Maggie Marjan: Digital platforms are an important gateway to documentaries

Maggie Marjan: Digital platforms are an important gateway to documentaries

The Egyptian director noted the difficulty of presenting non-commercial works

Egyptian director Maggie Morgan said that showing her long documentary film “From and to Meer” on the “Netflix” network allowed a large audience outside Egypt to watch the film that she filmed over 12 years, noting in her interview with “Asharq Al-Awsat” that she went to visit her grandmother’s village in Upper Egypt, turning the visit into her documentary film, which presents true stories from Upper Egypt about the villagers, with all their dreams and frustrations.

The film “From and to Mir” presents a different image from the documentary film, attracting the audience from its first scene, in which the director reveals the reasons for her delayed trip to her ancestral village. (Upper Egypt), which I have always heard about from her grandmother’s conversations to visit the family home, which remained – despite the migration and dispersal of its residents – a witness to a time gone by with all its characters and events, and her discovery of the old palace turns into a trip inside the village, following the family of a Roman child since his childhood with his sense of comedy and his fat body Then, as a young man, before losing his life as a result of poisoning, the director shares the simple people of the village in their sorrows and holidays, to monitor the efforts of most of them to emigrate outside Egypt. The film is shown on the “Netflix” network in ten films under the title “Because They are Creative,” including fictional and documentary films signed by Arab female directors.

Maggie Morgan’s journey in the film turned from the private to the general, while all her goal was to visit the village of her ancestors, as she found herself concerned with everything that affects humans in it, as she asserts, “The transformation took place by chance, but I am happy that it happened. Personally, I was thinking about the film from a personal perspective, but the place and the people opened up wider horizons for me, and I began to think about these people in all the details of their lives, and at the stage of editing I was at a loss; Do I put my story with the film or exclude it? I put it just to show why I came here.”

Marjan chose her heroes from the residents of the village who face the camera for the first time, yet they speak spontaneously and naturally without being preoccupied with the atmosphere of photography, which she explains, saying: “The team working with me contributed to this, as they worked with great love, led by director of photography Zaki Aref, no There is no doubt that the character of the director of photography differs greatly from the person standing in front of him. In one of the scenes, one of the women (Umm Mukhtar) was talking about her son who had died, so Aref stopped filming to kiss her head, so the people of the village felt familiarity and reassurance, which was reflected in their response to us.

Filming the movie “From and to Mir” took 12 years, during which the director undertook to produce it at her own expense: “I produced it not out of desire, but because the picture was not clear to me from the beginning, and it is not a large production, but it is expensive anyway, and I started filming it. In 2008, and within two years, I used to go to the village every few months, then I stopped filming in 2011 due to the outbreak of the January revolution, and when I learned of the death of a Romanian child due to poisoning, I felt the need to return to complete filming in 2020.”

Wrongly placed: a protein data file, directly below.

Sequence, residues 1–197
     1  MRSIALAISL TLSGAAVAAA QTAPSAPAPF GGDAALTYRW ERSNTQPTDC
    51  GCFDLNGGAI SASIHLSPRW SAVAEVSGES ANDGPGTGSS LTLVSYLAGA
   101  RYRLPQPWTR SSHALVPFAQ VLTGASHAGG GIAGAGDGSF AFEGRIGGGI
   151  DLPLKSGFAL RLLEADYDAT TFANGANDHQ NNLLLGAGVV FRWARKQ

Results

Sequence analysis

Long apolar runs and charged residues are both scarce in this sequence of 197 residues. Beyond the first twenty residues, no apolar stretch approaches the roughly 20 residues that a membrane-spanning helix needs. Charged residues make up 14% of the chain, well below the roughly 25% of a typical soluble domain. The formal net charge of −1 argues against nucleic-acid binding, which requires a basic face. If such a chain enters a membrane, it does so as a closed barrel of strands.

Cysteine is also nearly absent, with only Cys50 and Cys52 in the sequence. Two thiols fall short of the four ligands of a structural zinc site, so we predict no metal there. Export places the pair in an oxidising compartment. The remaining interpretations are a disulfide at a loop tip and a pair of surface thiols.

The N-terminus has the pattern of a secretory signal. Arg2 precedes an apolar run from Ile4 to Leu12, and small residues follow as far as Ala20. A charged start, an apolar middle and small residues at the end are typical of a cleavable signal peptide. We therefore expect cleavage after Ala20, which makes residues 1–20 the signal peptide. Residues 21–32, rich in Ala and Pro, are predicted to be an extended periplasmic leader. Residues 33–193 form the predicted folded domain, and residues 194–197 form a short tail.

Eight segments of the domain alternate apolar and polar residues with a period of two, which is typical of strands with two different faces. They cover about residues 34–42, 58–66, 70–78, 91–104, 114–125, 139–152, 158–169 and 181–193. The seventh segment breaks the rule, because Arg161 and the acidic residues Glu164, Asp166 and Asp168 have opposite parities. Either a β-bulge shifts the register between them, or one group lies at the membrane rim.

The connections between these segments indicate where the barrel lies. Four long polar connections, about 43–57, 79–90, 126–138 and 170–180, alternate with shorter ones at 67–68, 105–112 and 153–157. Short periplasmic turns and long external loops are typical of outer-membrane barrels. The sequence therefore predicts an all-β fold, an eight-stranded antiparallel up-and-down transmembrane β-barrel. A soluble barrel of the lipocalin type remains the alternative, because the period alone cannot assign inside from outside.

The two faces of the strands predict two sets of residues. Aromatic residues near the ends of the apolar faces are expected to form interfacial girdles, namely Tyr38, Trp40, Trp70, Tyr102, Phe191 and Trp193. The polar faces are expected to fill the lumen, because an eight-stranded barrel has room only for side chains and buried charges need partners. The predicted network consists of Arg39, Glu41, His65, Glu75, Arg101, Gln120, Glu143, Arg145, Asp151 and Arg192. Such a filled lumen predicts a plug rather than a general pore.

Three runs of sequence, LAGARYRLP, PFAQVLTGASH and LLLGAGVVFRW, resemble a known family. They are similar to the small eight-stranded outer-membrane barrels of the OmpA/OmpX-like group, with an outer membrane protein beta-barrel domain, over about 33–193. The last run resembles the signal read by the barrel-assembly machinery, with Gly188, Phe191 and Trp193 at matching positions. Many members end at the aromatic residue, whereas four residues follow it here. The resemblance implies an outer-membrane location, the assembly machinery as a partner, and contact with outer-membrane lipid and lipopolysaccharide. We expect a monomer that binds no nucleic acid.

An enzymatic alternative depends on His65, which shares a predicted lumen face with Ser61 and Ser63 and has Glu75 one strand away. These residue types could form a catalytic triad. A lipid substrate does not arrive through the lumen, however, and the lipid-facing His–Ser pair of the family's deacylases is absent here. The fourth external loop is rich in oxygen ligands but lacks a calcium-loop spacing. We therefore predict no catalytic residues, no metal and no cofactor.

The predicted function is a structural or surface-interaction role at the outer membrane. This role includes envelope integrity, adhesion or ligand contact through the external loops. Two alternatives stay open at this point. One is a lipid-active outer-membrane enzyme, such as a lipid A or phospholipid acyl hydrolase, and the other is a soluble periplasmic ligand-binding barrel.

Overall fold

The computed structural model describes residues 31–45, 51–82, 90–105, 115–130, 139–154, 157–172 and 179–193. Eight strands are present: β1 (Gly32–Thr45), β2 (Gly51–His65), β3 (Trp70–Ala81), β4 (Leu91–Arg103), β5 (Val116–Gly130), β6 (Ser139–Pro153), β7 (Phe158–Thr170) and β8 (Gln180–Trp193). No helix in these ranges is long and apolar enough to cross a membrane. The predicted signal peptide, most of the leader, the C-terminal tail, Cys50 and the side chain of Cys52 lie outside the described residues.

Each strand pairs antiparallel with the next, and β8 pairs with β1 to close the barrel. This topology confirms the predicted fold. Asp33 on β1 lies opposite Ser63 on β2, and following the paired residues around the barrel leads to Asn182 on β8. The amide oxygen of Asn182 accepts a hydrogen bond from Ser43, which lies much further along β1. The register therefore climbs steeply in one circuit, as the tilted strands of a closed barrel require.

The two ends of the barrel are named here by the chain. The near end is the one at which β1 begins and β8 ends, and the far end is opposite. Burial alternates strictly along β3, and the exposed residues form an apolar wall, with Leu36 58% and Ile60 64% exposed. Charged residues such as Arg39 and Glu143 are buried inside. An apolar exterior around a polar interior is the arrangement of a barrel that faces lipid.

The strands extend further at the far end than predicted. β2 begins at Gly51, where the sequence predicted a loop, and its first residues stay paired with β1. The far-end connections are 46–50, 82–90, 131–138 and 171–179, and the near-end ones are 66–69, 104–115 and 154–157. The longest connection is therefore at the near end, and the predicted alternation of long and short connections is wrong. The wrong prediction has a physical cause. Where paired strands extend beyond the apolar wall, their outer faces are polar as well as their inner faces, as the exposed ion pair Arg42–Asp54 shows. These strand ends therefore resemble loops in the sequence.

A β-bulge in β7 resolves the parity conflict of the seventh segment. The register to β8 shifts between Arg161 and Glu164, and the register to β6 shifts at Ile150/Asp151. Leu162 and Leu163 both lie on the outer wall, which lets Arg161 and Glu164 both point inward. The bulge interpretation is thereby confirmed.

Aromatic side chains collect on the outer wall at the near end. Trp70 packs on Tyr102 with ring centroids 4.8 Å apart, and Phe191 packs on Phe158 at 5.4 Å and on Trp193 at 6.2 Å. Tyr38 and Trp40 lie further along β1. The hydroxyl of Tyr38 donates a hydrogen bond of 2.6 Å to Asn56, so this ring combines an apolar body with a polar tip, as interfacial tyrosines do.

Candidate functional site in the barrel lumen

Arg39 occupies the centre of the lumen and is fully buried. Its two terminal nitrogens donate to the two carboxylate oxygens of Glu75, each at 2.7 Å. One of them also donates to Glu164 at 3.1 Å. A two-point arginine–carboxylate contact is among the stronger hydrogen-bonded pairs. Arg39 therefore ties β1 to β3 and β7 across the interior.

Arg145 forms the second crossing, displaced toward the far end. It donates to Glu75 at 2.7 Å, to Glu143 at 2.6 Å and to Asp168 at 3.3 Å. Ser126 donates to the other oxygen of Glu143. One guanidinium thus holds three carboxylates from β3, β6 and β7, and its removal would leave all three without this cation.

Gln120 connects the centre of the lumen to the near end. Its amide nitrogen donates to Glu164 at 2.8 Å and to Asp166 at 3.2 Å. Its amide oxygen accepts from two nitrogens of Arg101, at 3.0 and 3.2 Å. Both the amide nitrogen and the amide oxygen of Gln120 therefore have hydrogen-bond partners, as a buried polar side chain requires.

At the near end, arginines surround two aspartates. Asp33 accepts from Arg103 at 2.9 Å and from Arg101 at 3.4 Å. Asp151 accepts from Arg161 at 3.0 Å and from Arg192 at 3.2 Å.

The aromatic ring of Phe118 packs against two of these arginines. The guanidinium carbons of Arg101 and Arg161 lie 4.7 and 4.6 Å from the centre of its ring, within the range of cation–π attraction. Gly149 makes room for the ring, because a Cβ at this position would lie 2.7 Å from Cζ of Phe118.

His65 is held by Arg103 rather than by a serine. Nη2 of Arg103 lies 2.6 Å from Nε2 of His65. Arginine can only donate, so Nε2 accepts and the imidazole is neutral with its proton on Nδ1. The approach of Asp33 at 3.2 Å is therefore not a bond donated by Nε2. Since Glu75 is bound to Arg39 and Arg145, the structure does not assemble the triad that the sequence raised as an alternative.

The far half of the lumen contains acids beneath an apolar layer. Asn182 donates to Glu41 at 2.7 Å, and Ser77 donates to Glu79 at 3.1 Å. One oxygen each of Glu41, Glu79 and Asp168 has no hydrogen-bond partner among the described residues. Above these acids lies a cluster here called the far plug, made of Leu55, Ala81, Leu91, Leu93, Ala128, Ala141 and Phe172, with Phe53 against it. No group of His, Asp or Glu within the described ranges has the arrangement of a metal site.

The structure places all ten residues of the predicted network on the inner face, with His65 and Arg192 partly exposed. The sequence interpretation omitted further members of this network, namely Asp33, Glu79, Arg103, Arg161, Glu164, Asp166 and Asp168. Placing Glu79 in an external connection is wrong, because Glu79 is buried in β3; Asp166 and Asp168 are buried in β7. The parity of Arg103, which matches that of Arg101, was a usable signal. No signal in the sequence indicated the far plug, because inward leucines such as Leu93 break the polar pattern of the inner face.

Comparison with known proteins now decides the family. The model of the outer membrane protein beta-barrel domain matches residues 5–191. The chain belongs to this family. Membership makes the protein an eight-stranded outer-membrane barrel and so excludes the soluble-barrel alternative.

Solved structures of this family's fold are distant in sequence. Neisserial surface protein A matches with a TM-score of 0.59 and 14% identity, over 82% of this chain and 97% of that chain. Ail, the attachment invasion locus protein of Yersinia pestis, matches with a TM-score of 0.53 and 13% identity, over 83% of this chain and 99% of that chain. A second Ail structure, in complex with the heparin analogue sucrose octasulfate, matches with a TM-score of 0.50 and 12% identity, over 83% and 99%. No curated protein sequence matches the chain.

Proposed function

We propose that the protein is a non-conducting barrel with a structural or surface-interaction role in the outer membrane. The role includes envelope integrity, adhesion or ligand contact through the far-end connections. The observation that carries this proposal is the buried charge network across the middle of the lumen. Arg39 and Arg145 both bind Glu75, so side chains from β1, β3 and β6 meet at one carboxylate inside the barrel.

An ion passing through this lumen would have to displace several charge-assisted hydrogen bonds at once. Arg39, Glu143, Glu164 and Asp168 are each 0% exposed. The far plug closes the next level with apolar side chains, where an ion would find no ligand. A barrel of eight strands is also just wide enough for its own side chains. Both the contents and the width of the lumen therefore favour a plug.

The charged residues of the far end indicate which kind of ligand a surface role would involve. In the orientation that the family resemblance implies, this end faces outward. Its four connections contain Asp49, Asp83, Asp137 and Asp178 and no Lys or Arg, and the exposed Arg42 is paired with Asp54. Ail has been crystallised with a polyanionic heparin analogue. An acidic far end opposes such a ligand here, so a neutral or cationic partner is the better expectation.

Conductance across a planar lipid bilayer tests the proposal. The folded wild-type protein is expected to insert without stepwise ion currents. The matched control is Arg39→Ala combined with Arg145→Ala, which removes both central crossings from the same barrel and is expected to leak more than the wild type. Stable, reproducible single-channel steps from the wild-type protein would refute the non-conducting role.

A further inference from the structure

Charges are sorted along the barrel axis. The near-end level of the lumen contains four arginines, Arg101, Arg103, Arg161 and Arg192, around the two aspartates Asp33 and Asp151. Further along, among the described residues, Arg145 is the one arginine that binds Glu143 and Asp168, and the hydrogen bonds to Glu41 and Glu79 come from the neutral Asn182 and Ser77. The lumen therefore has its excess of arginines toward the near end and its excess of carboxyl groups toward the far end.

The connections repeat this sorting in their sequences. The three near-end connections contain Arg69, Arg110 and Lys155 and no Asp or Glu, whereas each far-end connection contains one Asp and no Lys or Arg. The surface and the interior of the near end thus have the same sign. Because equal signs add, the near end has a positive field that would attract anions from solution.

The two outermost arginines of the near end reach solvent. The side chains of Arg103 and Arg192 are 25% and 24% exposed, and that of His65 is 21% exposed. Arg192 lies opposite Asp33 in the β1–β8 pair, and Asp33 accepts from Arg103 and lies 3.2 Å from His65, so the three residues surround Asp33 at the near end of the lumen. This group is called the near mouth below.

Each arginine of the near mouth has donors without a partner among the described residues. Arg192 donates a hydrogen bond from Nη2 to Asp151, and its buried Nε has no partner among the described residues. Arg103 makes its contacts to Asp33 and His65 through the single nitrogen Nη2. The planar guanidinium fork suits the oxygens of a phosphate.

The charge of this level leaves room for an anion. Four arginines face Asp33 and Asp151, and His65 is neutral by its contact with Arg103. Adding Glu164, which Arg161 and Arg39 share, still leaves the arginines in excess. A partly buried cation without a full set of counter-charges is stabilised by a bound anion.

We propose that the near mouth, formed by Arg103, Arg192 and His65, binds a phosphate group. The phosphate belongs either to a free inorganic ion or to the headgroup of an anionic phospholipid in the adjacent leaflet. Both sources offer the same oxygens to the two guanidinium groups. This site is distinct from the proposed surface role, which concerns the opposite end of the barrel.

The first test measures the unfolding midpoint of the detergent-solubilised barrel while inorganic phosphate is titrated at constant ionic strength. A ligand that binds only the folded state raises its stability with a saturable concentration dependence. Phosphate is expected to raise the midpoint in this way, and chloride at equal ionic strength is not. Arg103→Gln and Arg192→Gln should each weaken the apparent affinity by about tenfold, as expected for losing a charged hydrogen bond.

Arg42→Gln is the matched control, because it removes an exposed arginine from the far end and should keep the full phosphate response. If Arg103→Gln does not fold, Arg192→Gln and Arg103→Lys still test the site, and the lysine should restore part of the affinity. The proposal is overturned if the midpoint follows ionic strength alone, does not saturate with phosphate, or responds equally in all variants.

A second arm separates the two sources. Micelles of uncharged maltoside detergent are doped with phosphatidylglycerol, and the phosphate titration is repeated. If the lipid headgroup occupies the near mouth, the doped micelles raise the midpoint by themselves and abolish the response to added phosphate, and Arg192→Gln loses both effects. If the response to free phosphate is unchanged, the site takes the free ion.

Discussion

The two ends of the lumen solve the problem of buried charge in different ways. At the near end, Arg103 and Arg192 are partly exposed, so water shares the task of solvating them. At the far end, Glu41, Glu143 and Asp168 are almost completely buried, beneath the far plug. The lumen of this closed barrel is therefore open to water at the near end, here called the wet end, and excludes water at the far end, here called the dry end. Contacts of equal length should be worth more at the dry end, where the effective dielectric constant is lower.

The viewer touches the spirit of the novelist in the film, which the director reveals, saying: “I do not like the stereotypical image of documentaries that are accompanied by an audio tape in classical Arabic, and I wanted to present a different format. .

The film participated in a number of festivals, and Marjan wanted to have its first show at the Aswan Women’s Film Festival in Upper Egypt. At the Cyprus Festival, he also won the Jury Prize at the National Film Festival, and participated in the Cairo Film Industry Days, but showing it on the “Netflix” platform had another impact on Maggie Marjan: “I was hoping to show it in the village of Mir, and I couldn’t because there was a movie theater there. And the Netflix show came, and made it possible to watch it on a very wide scale, and since its launch, I have received messages and communications from audiences in different countries, which is a positive aspect of the emergence of platforms that allowed the distribution of films worldwide, although I love watching films in cinemas.

Marjan directed her first feature film, “Asham” in 2013, and directed a number of short fiction films, including “On the Map” and “Match on Air”.

The director has been working on her feature film project “Ana and Laila” for some time, for which she received support from the Cairo Film Festival. She says: “Making a film that does not belong to commercial cinema faces great difficulties, not only in productivity, but in the presence of a team that believes in experience, I am currently working on the last version of it with the writer Maryam Naoum through a (narration) workshop, and I wrote the film, which takes place in Alexandria through an old woman, whose old building is decided to be removed, and she demands that it be evacuated and the residents.”

Morgan studied comparative literature at the American University in Cairo, but after graduating and obtaining her master’s degree, she traveled to Canada, where most of her family resides, and studied cinema there, but decided to return to Cairo to make her films, and teach cinema at the American University.



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